1. If you want to use US Census Data, keep in mind that the Sci Vis Lab and the GIS lab have a lot of useful 2000 Census data already loaded. These data are from the the Educational DVD distributed by ESRI. The shapefiles start with the 'educ_' identifier and come in polygons of state, county, tract, zip code, and blockgroup. (Look in this folder for the data C:\GIS_class\census2000)
Because there are over 1,000 demographic variables in the Educational dataset and almost all have cryptic short names, please take a look at the Excel file called "CommunityInfo Complete Layout.xls" to get an idea what the names mean. Be sure to click on the blue EDUC link in the Excel table (see the green circle below)
For instance, if you have a tract file open in ArcMap and you wonder what "HGRPL1_CY" means, go to the Excel table to see that it means "2004 HHs: Community LifeMode Group L1 (High Society)." You can ignore this category and should use variables that have a meaning you can understand.
I would go to the Excel table and find the data I was interested in mapping. For instance, "PCI00" is "2000 Per Capita Income" or "P00A15_19" is "2000 Total Population: Age 15-19" or "GQFES00" is "2000 Female Population in Group Quarters" Be sure to keep in mind that we have the data for EDUC only (look under Database Name in the table). If you want more 2000 US Census data you can go to the American Factfinder page.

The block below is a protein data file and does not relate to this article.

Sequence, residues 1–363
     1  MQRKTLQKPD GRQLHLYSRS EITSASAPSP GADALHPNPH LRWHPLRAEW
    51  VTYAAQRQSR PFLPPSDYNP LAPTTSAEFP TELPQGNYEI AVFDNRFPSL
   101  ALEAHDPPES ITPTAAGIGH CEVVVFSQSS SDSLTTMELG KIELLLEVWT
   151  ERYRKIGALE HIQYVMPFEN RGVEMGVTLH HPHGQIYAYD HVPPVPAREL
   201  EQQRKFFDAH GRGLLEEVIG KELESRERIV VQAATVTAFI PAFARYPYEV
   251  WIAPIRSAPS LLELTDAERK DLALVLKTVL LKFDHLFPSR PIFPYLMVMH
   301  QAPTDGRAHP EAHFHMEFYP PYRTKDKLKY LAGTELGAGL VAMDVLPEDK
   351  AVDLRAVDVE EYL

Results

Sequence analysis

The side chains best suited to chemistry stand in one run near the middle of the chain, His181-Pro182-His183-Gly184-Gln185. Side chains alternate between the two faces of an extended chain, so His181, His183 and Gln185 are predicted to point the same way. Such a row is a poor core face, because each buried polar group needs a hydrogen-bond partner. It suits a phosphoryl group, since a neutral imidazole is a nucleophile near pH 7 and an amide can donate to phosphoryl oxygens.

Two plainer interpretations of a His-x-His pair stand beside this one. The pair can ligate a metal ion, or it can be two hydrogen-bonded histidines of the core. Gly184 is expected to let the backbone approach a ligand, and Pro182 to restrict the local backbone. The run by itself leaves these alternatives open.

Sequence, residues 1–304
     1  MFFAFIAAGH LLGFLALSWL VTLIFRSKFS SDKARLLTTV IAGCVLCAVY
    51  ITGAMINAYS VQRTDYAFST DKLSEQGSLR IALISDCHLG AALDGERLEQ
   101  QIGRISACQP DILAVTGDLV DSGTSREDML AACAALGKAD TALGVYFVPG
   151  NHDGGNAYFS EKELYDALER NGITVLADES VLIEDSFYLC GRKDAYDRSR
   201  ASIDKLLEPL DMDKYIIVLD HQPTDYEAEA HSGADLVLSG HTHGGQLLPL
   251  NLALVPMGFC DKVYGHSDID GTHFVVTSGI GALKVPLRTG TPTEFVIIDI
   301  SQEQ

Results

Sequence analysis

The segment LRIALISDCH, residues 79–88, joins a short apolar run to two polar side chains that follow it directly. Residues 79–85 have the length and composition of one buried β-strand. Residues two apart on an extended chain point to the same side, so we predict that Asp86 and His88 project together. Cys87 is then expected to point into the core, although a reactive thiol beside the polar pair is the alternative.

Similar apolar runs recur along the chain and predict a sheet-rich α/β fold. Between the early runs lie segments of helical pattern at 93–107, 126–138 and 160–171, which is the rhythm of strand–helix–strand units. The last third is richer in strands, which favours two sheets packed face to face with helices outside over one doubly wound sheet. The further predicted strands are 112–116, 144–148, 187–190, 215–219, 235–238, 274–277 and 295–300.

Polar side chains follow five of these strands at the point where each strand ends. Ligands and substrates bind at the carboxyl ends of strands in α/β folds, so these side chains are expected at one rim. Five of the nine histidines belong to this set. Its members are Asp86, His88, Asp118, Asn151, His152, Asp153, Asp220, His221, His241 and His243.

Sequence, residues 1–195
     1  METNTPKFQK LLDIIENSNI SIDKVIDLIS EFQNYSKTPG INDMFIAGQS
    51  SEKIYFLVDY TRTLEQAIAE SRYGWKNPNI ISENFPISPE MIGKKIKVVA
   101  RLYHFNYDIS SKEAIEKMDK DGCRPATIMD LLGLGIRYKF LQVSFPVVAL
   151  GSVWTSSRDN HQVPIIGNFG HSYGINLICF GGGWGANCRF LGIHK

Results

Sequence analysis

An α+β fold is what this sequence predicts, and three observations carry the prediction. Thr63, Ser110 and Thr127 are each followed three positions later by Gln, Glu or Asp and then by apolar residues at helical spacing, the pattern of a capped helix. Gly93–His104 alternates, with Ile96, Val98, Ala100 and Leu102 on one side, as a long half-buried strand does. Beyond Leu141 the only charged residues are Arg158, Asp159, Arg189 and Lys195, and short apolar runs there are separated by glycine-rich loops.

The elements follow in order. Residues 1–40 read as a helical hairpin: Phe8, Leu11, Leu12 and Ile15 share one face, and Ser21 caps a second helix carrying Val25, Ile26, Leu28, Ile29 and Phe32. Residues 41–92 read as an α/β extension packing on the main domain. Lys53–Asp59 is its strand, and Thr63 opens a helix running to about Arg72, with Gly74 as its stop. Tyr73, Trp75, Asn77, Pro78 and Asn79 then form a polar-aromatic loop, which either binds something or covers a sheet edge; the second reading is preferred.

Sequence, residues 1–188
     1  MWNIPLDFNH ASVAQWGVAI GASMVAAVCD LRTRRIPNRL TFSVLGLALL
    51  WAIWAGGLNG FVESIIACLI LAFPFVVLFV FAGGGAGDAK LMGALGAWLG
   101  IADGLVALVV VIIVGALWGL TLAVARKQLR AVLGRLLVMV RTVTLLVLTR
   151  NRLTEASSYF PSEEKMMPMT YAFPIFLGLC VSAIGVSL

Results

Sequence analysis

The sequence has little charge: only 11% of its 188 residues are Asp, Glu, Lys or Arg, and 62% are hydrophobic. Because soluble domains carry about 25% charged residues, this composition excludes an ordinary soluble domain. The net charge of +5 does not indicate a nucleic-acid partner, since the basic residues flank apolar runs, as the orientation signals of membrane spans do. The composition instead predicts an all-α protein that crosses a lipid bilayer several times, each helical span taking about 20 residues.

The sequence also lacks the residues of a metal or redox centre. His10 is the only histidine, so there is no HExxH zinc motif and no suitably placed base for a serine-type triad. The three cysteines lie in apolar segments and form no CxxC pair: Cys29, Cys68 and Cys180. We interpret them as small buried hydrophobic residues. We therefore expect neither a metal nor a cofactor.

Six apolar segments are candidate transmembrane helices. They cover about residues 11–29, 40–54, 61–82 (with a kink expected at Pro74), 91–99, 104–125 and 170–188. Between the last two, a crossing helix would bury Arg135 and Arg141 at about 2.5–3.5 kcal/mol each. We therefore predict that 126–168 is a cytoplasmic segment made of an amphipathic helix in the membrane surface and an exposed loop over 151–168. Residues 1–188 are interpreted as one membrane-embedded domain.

2. The American FactFinder web site offers all the US Census Bureau data you could dream of.
Make sure you're on the data Download page and then click on the Summary File 1 (SF1) link and follow the directions. It's a bit of a tricky site to use but follow the steps and you should get the data you want for the geographic area you are interested in. The data are delivered as csv or xls, both should be readable in ArcMap. See this link for more information on working with those file types.
3. Now look at the right side of this blog, under Favorite Data Sources. You'll find some sites that I like to refer to.
Through the Vassar Library site, under Digital Map Collections, you can find some useful map sites including a link to the David Rumsey map collection where you can find many archival maps that are scanned and georectified.
The Geography Network offers a lot of freely downloadable data.
The GeoCommunity (GIS Data Depot) is a place to find international data. You need to register, but they do not spam you, or at least, they do not spam me.
State GIS data clearing houses are great places to get some local or regional data. Here is the link the the New York State GIS site. Or if you want another state, use Google. Countries may have rich GIS data sources, freely available, if you do a little searching.
4. If you want historical US Census data, go to National Historical Geographic Information System (NHGIS). Click on this link to get a step-by-step on how to use NHGIS site. Data go back to 1790.
5. The National Atlas Map Maker is another good site for spatial data.
6. Later in lab time, you will work with the USGS National Map Seamless dataset
7. Not Discussed in Class but perhaps still useful:
In ArcMap, go to Add Data (plus sign) and go to -> Look in -> GIS Servers. Add the Geography Network Server hosted by ESRI. Here you can load some data and I think you can download it. At the very least, you can use these data in your final maps and make analyses with the data sets. If you find something you'd like to download in one of these sets, send me an email and I can help you figure out how to get at the data.